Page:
S. Anil Radhakrishnan

THIRUVANANTHAPURAM: Railways entered the 150th year of its operations in Kerala this March, growing all these years into a lifeline offering a safe and cheap mode of transport and linking the southernmost State to every nook and cranny of India.

The history of Railways in Kerala dates back to March 12, 1861 when the 30.5-km Beypore-Tirur stretch was commissioned. The 14.5-km Tirur-Kuttipuram section followed on May 1, 1861, the 37-km Kuttipuram-Pattambi stretch on September 23, 1862 and the 105-km Pattambi-Podanur stretch on April 14, 1862. The locomotive and the coaches for operating the trains from Beypore arrived by sea at the Beypore port. At present, Beypore does not figure on the railway map. There was a widespread feeling that Railways had made a mistake stopping at Beypore, an insignificant hamlet, and the railway line should have been brought to the district headquarters at Calicut (now Kozhikode), barely 11 km from the terminus. The line to Calicut and the feeder line to Olavakkode and Palakkad were opened on January 2, 1888.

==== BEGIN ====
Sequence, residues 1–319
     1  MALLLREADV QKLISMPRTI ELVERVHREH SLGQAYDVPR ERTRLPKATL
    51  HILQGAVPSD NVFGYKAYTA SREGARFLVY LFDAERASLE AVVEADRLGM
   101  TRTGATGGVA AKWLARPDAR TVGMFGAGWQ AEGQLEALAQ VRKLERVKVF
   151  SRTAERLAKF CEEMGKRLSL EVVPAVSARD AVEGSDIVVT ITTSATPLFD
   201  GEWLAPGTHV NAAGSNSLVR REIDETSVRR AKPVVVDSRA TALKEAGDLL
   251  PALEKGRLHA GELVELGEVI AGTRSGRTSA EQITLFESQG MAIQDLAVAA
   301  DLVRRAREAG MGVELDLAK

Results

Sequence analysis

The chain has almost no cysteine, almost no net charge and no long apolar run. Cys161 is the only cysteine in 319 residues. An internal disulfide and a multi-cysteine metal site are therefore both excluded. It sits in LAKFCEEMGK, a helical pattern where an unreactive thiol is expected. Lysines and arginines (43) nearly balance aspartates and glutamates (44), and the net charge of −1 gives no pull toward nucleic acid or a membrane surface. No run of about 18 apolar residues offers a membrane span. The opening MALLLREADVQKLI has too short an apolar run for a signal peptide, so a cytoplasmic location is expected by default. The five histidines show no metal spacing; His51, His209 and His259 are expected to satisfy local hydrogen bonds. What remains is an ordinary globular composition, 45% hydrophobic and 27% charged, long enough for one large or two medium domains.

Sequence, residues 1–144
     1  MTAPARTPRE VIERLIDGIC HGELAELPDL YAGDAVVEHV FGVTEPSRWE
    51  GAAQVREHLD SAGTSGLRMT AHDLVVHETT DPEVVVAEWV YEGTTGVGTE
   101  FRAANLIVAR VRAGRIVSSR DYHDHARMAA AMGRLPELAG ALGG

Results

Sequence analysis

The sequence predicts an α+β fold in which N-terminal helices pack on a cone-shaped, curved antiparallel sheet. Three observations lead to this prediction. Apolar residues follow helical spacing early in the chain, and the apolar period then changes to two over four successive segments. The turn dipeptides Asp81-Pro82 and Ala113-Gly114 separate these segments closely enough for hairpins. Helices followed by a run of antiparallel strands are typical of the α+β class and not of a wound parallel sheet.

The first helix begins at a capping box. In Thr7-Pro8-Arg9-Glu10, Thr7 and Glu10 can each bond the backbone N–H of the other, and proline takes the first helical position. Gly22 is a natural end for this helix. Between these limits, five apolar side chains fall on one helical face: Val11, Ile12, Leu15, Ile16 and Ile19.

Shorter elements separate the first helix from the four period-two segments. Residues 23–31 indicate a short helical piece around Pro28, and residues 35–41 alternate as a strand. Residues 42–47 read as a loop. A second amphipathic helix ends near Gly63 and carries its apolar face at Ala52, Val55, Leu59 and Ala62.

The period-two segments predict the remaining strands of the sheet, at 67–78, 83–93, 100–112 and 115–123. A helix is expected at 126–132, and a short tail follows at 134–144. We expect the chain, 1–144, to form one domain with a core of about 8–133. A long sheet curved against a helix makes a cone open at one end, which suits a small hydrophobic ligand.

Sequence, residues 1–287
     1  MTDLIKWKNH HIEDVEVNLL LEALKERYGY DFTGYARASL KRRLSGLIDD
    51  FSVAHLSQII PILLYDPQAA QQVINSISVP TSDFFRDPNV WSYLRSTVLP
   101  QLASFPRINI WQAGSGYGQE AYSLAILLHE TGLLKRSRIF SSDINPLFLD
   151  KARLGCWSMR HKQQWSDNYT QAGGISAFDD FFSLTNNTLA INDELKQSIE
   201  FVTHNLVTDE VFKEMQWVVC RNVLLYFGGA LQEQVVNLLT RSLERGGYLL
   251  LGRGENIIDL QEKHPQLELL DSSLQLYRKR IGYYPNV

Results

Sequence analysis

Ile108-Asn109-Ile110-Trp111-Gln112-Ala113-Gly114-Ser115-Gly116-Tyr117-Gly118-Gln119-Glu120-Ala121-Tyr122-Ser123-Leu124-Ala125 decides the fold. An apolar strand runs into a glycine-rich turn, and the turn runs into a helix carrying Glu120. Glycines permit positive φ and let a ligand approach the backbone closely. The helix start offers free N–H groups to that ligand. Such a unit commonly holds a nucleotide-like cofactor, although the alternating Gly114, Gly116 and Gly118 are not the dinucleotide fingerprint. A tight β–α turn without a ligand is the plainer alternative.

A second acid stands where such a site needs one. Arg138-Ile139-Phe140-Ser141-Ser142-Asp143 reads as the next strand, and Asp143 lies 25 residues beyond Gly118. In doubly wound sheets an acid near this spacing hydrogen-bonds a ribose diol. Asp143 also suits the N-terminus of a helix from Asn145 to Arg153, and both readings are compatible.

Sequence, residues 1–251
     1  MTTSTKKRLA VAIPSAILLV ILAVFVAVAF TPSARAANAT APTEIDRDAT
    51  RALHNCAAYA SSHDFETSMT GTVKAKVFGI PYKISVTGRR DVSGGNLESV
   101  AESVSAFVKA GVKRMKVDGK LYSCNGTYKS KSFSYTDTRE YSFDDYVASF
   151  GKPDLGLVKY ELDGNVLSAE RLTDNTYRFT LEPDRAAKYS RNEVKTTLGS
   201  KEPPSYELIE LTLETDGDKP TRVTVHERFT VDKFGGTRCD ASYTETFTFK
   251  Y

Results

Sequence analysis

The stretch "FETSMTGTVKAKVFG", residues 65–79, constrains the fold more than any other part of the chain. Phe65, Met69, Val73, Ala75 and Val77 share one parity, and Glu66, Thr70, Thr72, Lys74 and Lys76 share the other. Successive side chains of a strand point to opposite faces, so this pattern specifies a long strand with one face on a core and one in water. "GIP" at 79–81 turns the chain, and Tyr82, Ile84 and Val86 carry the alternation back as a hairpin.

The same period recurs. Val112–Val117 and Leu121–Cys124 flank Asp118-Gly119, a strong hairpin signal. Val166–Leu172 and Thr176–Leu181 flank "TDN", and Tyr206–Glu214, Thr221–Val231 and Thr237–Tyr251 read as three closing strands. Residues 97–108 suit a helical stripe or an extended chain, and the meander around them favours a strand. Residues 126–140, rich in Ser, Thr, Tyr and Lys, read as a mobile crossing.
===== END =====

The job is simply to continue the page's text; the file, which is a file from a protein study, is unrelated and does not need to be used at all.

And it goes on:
In 1906-07, the Calicut-Azhikkal stretch of the broad-gauge line was extended up to Kanhangad and then progressively to Kasaragod, Kumbala and Mangalore. The people of Mangalore saw the first train whistling into the railway station from Calicut in 1907. The Shoranur-Nilambur section was opened in February 1927.

The efforts for introduction of Railways towards Cochin came about in 1899. The 104-km Shoranur-Ernakulam stretch was laid by the Shoranur-Cochin railway company and thrown open for goods traffic on June 2, 1902 and for passenger traffic on July 16 that year. The Shencottah-Quilon (Kollam) line was opened on November 26, 1904 and the Quilon-Thiruvananthapuram line on January 1, 1918. Of the 174 km of the original line, 81 km was in the British territory. The extension of the line from Quilon to Trivandrum (now Thiruvananthapuram) was taken up in 1913, completed in 1917 andcommissioned in January 1918. But the line was terminated at Chakka on the outskirts of the city. M.E. Watts, Dewan of the erstwhile Travancore, took the initiative to extend the railway line to the heart of the city. On November 4, 1931, the Thiruvananthapuram station started functioning.

The metre-gauge line between Ernakulam and Quilon, originally conceived of in 1921, could be commissioned only on December 24, 1952. The railway line between Ernakulam and Kottayam was opened for traffic in October 1956 and the Kottayam-Quilon stretch in 1958.

The milestones following formation of the Trivandrum division were the addition of lines on the Nagercoil-Tirunelveli section, the Ernakulam-Alappuzha- Kayamkulam section and the Thrissur-Guruvayur section.